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Anonymous Coward

I'll have what he's having

That is all.

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Anonymous Coward

You don't watch much Doctor Who, do you?

Rassillon and Omega created the Hand of Omega- a remote stellar manipulation tool- and used it to turn the star Gallifrey orbited into a black hole. Sciency stuff far too boring to fit into the TV show happened, and they had a near-infinite source of power and odd Quantum effects with which to power their time travel experiments. Omega was trapped on the 'other side' of the black hole, returning occasionally to... take revenge... or something. It's been a while.

In the New Who it's been shown that the TARDIS is sufficiently big inside to hold its own collapsing star. So that's where the power comes from.

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"Unless he is using the power of the planet to power his tardis."

According to Doctor Who mythos, his people created an artificial black hole, which was then confined under their capitol city (well shielded, of course). That is the energy source for every TARDIS and their entire civilization.

As each TARDIS had that same named black hole in it, one can only imagine some particle entanglement deal going on below the event horizon, but above the singularity proper.*

Well, save for one episode, where he held an entire supernova inside of the TARDIS...

*Yeah, I know. Entangled particles that have one partner experiencing the hellish conditions below the event horizon would have their entanglement broken-maybe. But, that takes time, which essentially ceases to exist beneath the event horizon. ;)

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Re: You don't watch much Doctor Who, do you?

"Rassillon and Omega created the Hand of Omega- a remote stellar manipulation tool- and used it to turn the star Gallifrey orbited into a black hole."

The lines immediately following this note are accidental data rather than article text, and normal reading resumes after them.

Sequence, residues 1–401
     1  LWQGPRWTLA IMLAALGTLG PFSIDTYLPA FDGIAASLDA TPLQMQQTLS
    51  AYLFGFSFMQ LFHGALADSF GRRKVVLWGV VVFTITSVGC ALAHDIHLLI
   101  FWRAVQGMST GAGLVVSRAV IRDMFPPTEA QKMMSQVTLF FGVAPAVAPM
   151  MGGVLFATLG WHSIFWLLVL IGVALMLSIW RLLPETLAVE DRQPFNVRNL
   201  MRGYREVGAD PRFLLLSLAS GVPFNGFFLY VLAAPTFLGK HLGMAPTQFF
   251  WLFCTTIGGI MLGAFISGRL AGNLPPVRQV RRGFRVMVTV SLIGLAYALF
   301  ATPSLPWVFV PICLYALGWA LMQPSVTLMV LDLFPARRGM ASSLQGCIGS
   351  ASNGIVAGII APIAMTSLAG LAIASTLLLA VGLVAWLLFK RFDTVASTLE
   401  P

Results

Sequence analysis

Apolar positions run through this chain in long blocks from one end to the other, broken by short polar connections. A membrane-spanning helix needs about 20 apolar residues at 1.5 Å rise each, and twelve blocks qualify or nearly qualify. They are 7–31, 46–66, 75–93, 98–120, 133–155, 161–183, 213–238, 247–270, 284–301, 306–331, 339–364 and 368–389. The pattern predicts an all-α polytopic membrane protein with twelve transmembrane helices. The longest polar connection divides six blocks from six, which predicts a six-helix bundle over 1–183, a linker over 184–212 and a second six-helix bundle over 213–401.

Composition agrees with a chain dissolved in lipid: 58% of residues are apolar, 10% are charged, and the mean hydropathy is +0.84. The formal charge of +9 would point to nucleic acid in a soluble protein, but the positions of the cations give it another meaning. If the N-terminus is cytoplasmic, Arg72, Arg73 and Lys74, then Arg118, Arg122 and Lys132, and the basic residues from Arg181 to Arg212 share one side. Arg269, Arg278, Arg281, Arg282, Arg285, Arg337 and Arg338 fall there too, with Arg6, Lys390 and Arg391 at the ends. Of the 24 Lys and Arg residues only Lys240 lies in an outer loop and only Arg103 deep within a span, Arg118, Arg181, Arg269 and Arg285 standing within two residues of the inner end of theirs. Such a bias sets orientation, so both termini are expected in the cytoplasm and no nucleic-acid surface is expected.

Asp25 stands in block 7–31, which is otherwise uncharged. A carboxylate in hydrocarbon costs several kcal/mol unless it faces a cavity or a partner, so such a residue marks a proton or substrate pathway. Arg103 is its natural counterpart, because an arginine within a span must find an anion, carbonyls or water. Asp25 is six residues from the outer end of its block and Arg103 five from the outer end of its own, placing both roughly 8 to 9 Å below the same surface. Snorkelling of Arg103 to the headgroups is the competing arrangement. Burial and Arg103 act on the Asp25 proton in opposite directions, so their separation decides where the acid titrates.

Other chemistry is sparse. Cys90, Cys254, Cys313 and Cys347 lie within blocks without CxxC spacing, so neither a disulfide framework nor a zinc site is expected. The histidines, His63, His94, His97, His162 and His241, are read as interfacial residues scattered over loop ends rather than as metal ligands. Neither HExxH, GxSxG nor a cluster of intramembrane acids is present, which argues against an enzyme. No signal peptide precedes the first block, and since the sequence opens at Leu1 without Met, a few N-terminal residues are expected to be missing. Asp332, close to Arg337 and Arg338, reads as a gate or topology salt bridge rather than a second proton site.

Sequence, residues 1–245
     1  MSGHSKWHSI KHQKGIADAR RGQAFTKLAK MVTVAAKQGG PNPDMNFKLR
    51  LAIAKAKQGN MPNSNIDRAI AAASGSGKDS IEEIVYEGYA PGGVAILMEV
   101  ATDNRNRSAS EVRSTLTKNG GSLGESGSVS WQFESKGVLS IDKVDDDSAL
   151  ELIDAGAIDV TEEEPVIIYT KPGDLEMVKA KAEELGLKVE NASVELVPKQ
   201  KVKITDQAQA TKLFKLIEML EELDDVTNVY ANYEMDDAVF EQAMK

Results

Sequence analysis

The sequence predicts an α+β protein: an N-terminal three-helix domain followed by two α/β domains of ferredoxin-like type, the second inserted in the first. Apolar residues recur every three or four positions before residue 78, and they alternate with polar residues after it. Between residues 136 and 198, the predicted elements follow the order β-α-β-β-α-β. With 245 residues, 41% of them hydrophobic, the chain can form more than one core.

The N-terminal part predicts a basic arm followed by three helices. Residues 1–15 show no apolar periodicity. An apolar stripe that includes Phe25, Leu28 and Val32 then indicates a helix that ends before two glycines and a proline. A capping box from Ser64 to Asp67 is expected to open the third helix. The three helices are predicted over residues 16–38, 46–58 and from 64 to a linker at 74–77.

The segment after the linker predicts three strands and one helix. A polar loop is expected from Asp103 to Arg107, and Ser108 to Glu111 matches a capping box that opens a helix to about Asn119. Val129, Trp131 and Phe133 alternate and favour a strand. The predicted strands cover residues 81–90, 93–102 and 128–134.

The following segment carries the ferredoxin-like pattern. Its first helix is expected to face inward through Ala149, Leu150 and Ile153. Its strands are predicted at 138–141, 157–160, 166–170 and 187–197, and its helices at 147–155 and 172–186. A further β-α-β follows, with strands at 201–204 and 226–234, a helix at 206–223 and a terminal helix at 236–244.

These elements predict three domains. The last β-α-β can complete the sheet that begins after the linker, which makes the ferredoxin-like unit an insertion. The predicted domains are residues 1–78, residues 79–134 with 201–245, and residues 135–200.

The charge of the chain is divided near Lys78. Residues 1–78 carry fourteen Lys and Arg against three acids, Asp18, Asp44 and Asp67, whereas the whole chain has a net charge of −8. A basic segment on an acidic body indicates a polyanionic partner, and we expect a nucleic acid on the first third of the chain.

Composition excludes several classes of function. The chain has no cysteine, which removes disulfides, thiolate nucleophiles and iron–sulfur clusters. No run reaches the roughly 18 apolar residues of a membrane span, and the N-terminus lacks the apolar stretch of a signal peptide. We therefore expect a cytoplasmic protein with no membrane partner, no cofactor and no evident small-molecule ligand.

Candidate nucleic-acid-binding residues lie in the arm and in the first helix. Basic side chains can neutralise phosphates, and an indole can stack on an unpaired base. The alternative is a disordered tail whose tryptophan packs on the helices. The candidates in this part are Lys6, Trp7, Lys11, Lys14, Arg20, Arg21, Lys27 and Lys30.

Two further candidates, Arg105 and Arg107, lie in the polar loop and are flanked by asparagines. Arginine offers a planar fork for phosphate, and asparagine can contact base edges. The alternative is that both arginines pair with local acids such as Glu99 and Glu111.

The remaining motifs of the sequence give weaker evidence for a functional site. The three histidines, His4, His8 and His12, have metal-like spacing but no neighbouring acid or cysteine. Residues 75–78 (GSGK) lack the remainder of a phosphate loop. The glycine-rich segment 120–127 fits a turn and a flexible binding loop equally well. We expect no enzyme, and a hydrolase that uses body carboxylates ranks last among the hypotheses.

Sort of. It wasn't *their* star that was manipulated. It was a different star that was then transported back to Gallifrey.

Omega was trapped beneath the event horizon inside of a control center, where he was able to see into the singularity. In a gaffe, which was a theory at the time, the singularity opened into an antimatter universe and somehow Omega got turned magically into antimatter.

Which magically survived on Earth for a bit, where he should have been a briefly incandescent meter wide ball of plasma, before it expanded and erased much of Earth...

As for the New Who, that is arguable. They can have it that the Doctor got tired of having to recharge the TARDIS, so he harnessed a supernova or they can do whatever else they want to do.

That is one of the nice things about being writers and producers. ;)

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Problem with getting rich people to pay

Those typically don't want to pay. Just look at the Concorde. Though tickets were expensive it had to be subsidized, and of course Concorde flights, like all flights never were affordable to the general public.

An interesting game changer might be the space elevator. If we actually manage to build such things, many of the problems would be gone instantly. We could just move stuff up there without the problem of having to carry the fuel to carry it upwards with it. And once you have reached a decent orbit the rest doesn't need to much energy.

I personally see the "space inhabitance" process as more of like the stuff mold does. Mold has spread over distances unimaginable to an individual colony. However if you just manage to go on and spread yourself you will be everywhere you can be.

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Re: Problem with getting rich people to pay

Those typically don't want to pay. Just look at the Concorde. Though tickets were expensive it had to be subsidized, and of course Concorde flights, like all flights never were affordable to the general public.

This just means they don't want to pay for glorious shit, so the taxpayer steps in because he's supposed to pay for glorious shit at the call of a politician preening his feathers using glorious shit.